Many of us have seen movies with donkeys as sidekicks to cartoon characters. Some of these donkeys are pranksters and able to speak — sometimes in sarcastic fashion.
Did you know that there is a talking donkey in the Bible?
Beasts of burden
Donkeys are always a beast of burden in the Bible. In the Old Testament, Abraham used a donkey to carry wood for the sacrifice of Isaac. As King David prepared to die, he ordered that his son Solomon should mount the king’s own mule — the offspring of a horse and donkey — and be taken to be anointed as king of Israel (1 Kgs 1:32-34).
The prophecy of Zechariah that was fulfilled when Jesus rode into Jerusalem specifically speaks of the Messiah riding a donkey: “Exult greatly, O daughter Zion! Shout for joy, O daughter Jerusalem! Behold: your king is coming to you, a just savior is he, humble, and riding on a donkey, on a colt, the foal of a donkey” (Zec 9:9).
Christian tradition tells us that Mary rode a donkey on her way to Bethlehem and on the Flight into Egypt. And Nativity scenes always have a donkey — not just because of Mary, but because of the prophet Isaiah. In the very beginning of his long book in the Old Testament, Isaiah relates a vision in which the Lord God says, “An ox knows its owner, and an ass, its master’s manger …” (1:3). This is seen as a prophecy of the Christ Child’s manger.
In the Bible, donkeys also carry supplies and trade goods, or plow fields (Is 30:24). When Jesus told the Good Samaritan parable, he mentioned the Samaritan putting the injured man on his own donkey.
Donkeys seem to have been so important in biblical history that the Ten Commandments warn against coveting your neighbor’s donkeys (Ex 20:17, along with your neighbor’s ox, slaves and wife).
Samson used the “jawbone of an ass” to slay 1,000 Philistines (Jgs 15:16). Even Israel’s first king, Saul, worked with donkeys. When we first see him, Saul is searching for the lost donkeys belonging to his father, Kish (1 Sam 9).
Perhaps Kish had used those donkeys the way donkeys are still used today — with herds of sheep, as guard donkeys able to warn the shepherds in enough time to make a difference.
The Ministry of Agriculture, Food and Rural Affairs of the province of Ontario, Canada, suggests the use of donkeys as guard animals. The ministry notes that donkeys use sight and sound to spot predators, and that sheep instinctively hide behind donkeys. “The donkeys’ loud brays and quick pursuit will scare away predators and may also alert the shepherd. In most instances donkeys will confront and chase dogs or coyotes out of the pasture. If the canines do not retreat quickly the donkeys will attack them by rising up on their hind legs and striking with both front feet.”
A donkey’s keen sight may be behind the story of the talking donkey in the Bible. We find the story in the Book of Numbers, chapter 22. In it, the Moabites implore the prophet Balaam to come to Moab and curse the Israelites, who have camped outside of the city of Jericho.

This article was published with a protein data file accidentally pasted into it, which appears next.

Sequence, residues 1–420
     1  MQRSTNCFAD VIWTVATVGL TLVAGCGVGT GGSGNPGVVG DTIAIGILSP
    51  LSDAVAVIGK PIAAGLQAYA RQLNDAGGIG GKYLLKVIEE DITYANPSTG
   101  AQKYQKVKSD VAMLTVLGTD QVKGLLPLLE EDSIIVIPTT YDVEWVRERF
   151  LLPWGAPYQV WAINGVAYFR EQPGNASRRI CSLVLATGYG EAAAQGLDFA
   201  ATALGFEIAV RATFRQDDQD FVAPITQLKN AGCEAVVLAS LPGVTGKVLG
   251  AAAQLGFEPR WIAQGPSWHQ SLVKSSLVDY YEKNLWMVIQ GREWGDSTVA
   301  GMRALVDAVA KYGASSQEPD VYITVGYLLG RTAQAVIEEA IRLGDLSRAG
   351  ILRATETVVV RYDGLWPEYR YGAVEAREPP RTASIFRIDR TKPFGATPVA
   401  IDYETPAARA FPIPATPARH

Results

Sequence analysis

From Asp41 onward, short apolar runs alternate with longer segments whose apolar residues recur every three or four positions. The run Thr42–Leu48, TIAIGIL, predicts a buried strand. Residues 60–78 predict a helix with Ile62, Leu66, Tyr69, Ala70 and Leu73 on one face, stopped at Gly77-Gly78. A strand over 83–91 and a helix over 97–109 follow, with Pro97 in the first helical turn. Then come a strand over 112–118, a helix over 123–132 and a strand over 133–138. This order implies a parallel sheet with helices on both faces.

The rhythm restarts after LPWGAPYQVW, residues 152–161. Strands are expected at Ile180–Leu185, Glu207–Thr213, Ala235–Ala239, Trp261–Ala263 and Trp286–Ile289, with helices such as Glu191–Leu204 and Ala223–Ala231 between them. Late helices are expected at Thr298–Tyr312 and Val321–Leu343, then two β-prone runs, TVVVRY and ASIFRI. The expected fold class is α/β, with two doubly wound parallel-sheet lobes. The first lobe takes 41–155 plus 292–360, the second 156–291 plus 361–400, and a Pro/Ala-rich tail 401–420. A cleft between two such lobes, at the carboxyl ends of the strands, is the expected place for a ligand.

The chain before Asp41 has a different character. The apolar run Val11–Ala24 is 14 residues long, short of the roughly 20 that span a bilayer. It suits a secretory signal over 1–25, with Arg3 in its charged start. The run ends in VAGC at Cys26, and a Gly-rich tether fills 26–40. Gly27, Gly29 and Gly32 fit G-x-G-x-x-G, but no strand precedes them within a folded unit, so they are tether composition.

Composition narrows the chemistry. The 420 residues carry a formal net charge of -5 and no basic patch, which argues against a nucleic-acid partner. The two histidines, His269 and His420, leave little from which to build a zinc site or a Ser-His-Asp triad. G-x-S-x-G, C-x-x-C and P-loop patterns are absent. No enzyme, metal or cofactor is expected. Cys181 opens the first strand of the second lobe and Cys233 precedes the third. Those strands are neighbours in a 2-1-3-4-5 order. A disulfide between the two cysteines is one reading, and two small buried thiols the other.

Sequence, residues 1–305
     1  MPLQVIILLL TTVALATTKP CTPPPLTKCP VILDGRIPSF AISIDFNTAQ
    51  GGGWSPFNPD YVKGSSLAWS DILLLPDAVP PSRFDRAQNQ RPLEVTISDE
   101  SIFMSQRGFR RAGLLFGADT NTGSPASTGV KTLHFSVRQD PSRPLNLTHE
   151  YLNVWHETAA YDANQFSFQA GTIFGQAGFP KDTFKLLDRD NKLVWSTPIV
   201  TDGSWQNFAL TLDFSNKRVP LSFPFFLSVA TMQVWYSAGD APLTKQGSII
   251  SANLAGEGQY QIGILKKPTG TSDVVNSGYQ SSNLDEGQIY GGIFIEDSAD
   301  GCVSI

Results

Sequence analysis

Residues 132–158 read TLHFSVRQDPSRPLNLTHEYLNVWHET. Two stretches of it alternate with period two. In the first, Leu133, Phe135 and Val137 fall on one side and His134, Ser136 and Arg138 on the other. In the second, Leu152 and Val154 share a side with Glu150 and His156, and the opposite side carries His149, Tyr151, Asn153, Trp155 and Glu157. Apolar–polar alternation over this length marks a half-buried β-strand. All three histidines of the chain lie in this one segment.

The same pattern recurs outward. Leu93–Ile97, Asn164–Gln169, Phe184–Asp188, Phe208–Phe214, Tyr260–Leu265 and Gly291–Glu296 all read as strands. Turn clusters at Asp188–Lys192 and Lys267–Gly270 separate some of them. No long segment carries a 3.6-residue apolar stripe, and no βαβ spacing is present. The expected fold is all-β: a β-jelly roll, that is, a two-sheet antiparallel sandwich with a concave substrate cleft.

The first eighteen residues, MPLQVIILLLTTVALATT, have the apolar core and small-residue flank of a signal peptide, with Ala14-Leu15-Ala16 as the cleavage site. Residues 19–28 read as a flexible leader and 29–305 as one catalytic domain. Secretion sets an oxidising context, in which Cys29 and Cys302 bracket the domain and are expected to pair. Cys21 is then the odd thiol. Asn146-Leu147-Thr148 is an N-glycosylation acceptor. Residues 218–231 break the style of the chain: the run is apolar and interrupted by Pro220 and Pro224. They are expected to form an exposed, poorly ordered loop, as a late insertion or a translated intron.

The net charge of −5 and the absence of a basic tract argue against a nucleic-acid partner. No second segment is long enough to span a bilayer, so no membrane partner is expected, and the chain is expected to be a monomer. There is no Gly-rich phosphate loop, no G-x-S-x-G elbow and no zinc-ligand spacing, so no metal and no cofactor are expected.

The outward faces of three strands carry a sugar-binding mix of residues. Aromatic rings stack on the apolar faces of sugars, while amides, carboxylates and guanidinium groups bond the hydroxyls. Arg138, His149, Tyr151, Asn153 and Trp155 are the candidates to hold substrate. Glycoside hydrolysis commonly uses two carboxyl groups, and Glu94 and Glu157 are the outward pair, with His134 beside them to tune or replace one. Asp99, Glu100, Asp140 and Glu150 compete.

Balaam does not want to go, since the Lord God has told him not to. But, for some reason, God seems to change his mind and orders Balaam to go along with the princes from Moab.
Riding along with two servants, Balaam doesn’t see the danger ahead of him.
There, an angel with a sword blocks his path. The she-donkey Balaam is riding sees the danger and turns aside. Balaam, angry at her, beats the donkey. But she refuses to go on — turning aside, pressing Balaam’s leg against a wall. He becomes even more angry. Finally, the donkey lies down, refusing to move. Balaam beats the donkey more.
Suddenly, God gives the donkey speech: “What have I done to you that you beat me these three times?” she ask.s
Balaam, apparently not noticing how odd a talking donkey is, says that he is angry she is disobeying him. He even says he would kill her “if I only had a sword at hand.”
The donkey answers him, “Am I not your donkey, on which you have always ridden until now? Have I been in the habit of treating you this way before?” It is a gentle reproach, considering his threats.
And then God lets Balaam see the angel. The angel tells the prophet that he would have killed Balaam had he gone farther, “though I would have spared her,” meaning the donkey.
Needless to say, Balaam doesn’t curse the Israelites. He went home, on his faithful donkey.
There is another story about a faithful donkey and Holy Week that is upon us. While not in the Bible, it has become a traditional story.
It says that the donkey that Jesus rode into Jerusalem on Palm Sunday continued to follow him that entire week. When Jesus was led to the cross, the donkey followed and stood in the cross’ shadow, its head bowed in sorrow. This, the story goes, is why donkeys have a cross–shaped marking (now called a “dorsal stripe”) in their fur to this day.
While the story may be fanciful, the stripes across donkeys’ shoulders are real. These dorsal stripes are a genetic trait that donkeys share with zebras, some horses and various wild asses, such as the Turkmenian kulan of central Asia.
Whether or not donkeys can talk, they certainly have a few stories to tell in Christian history.
Sources: The Jerusalem Post; Bibletools.org; Catholic Encyclopedia; fisheaters.com; jewishtreats.org; livescience.com; Australian Broadcasting Corporation at abc.net.au; toledovisitation.org; Aleteia.org; and Ontario’s Ministry of Agriculture, Food and Rural affairs at omafra.gov.on.ca